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Radial force of a rotating stick

  1. Nov 14, 2008 #1
    Radial force of a rotating stick!!!

    1. The Problem
    In this problem we want to learn a little bit about what is sometimes called dynamical loading. Our simple system consists of a uniform stick of length L and mass M hinged at one end. We would like to calculate the forces on the (frictionless) hinge when the stick is released from rest at an angle theta_0 with respect to the vertical. You may find it useful to combine work and energy equations with torque (N II) equations.

    3.1 Show that the radial force exerted on the stick by the hinge is F_r = Mg/2*(5 cos(theta) - 3 cos(theta_0)), where theta is the angle of the stick with respect to the vertical after it is released.


    3.2 Show that the tangential (tangent to the direction of motion, perpendicular to the stick) force exerted on the stick by the hinge is F_t = Mg/4*sin(theta).

    2. The attempt at a solution

    Alright, I've spent several hours trying to figure this one out, and it's really killing me. I didn't use torque in the solution, but I did set it up initially like this:

    t= L/2 * mg sin(theta) = I * alpha

    I then set up the energy as the height of the center of mass tilted to theta_0 equal to the height relative to the tilting of theta plus both forms of kinetic energy.

    mgcos(theta_0)*(L/2)= mgcos(theta)*(L/2) + 1/2 m v^2 + 1/2 I w^2

    substituting V/(L/2) for w, I got 2/3 m v^2 for the total kinetic energy. Using that, I set it up so it was equal to mv^2/(L/2) (the radial force), and I was left with a function that has cos(theta_0) - cos(theta), which is the opposite of what I need.

    After trying to figure out something else, I tried making an equation for work and substituting that in for KE instead.

    I figured the work to be F_r((L/2)cos(theta)-(L/2)cos(theta_0)), the difference between the heights of the initial positions times the radial force. When substituting that in for 1/2 m v^2 + 1/2 I w^2, I ended up with:

    mg(.5cos(theta_0)-.5cos(theta)) = F_r ( 1/2 cos(theta)-1/2cos(theta_0)), which can't be simplified to the equation I need. So I am officially stuck!

    Any help would be much appreciated. :-)
     
  2. jcsd
  3. Nov 14, 2008 #2
    Re: Radial force of a rotating stick!!!

    I have a question:

    If we are rotating from the hinch, we use the moment of inertia: 1/3.m.L^2?

    So is it true that we have for total kinetic energy: 1/2 m v^2 + 1/2 I w^2 = 1/2 . 1/3.m.L^2.w^2?
    Or is it: 1/2 mv^2 + 1/2 . 1/3.m.L^2.w^2 = 7/6 mv^2?

    Even so, then:
    7/6mv^2 = mgcos(theta_0)*(L/2) - mgcos(theta)*(L/2)
    Fr = mgcos(theta) - mv^2/(L/2)

    Fr = mgcos(theta) - 2m/L. (6/7m)(mgcos(theta_0)*(L/2) - mgcos(theta)*(L/2))
    Fr = mgcos(theta) - (6/7)(mgcos(theta_0-mgcos(theta))
    Fr = (13/7)mgcos(theta) - (6/7)(mgcos(theta_0)

    Otherwise:

    2/3mv^2 = mgcos(theta_0)*(L/2) - mgcos(theta)*(L/2)
    Fr = mgcos(theta) - 2m/L. (3/2m)(mgcos(theta_0)*(L/2) - mgcos(theta)*(L/2))
    Fr = mgcos(theta) - (3/2)(mgcos(theta_0-mgcos(theta))
    Fr = (5/2)mgcos(theta) - (3/2)(mgcos(theta_0)


    I just discovered that apparently 1/2mv^2 + 1/2 Iw^2 is the same as 1/2 Iw^2 with the second "I" being the moment inertia with the axis not in the center. So basically this "I" which is not in the center is already taking in account, the velocity of the center point mass of the rod?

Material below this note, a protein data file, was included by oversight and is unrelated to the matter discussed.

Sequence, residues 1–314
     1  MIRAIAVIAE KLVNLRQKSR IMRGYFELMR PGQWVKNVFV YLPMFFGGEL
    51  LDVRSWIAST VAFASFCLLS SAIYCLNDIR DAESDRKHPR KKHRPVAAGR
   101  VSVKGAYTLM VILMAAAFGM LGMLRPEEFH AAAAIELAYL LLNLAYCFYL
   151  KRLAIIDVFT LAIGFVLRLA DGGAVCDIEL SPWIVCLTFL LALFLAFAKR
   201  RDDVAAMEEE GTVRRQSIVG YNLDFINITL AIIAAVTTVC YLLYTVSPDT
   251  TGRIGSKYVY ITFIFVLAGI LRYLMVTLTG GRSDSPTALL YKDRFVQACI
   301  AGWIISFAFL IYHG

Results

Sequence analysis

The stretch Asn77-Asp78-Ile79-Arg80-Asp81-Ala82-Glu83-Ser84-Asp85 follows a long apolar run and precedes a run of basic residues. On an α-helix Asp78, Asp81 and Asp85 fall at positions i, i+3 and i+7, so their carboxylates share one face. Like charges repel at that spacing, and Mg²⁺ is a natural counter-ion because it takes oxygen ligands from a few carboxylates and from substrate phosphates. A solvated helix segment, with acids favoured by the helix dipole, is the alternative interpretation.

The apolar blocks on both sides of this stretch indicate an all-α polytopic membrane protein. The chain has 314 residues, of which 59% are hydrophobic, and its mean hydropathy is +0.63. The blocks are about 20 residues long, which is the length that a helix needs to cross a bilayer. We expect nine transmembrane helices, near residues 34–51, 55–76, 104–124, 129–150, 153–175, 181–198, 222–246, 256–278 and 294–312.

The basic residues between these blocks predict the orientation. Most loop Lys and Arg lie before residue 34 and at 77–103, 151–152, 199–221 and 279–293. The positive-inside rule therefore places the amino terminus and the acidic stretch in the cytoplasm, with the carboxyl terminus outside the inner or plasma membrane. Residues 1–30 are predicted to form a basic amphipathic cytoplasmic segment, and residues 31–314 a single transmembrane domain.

For the tangential force problem I get:

    M = I alpha = L/2.sint.g.m = 1/3.m.L^2 . alpha

    a = alpha . L/2 = 3/4 sint.g
    Ft = mg 3/4 sint??

    Somehow this looks a bit like the solution to problem 2)
    I'm stuck too. Shouldn't the tangential force at 90 ° be mg? I think not because when you have a very long rod and you hold the one end of the rod and let the rod swing down coming from the 90 ° then you won't feel the gravitational mass of the whole rod in your hand. Don't you think?
     
    Last edited: Nov 14, 2008
  4. Nov 14, 2008 #3
    Re: Radial force of a rotating stick!!!

    I am equally confused :). But thanks a lot for the help on the first part!

    If you treat the torque arm to be the full length of the stick, you get 3/2mgsin(theta) to be the torque. The only thing that comes close to equaling 1/4mgsin(theta) is if you treat the initial angle as not part of the torque and set the equation up like so:

    3/4mgsin(theta)-1/2mgsin(theta_0)

    Which subtracts the way I initially set up the torque. This comes SO close to the setup I want, but I don't think I can resolve the two different thetas... so I'm about 80% sure this won't work. I would think that at 90, the value would be mg... but there must be some other force taking away from the value. The only other component I can think of is radial force, but that acts perpendicular to the tangential force, and centripetal force is technically nonexistant, so I don't think that works either.
     
  5. Nov 14, 2008 #4

    alphysicist

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    Homework Helper

    Re: Radial force of a rotating stick!!!

    Hi bollocks748,

    There is a lot of information in your and katchum's post, so I apologize if I'm repeating any of it!


    This is good, but go ahead and put in the formula for I here.

    I don't think this is right. These potential energy terms should be negative (because you're measuring from the pivot down). Also, if you calculate the kinetic energy about the same pivot as your torque equation then (1/2)I w2 will account for the total kinetic energy (and you do not need to the 1/2 mv2 term).





    If you now draw a force diagram (with unknown radial and perpendicular hinge forces at one end) and apply Newton's law to find the center of mass linear acceleration (in the radial and tangential directions) you should get the correct answer for both parts. What do you get?
     
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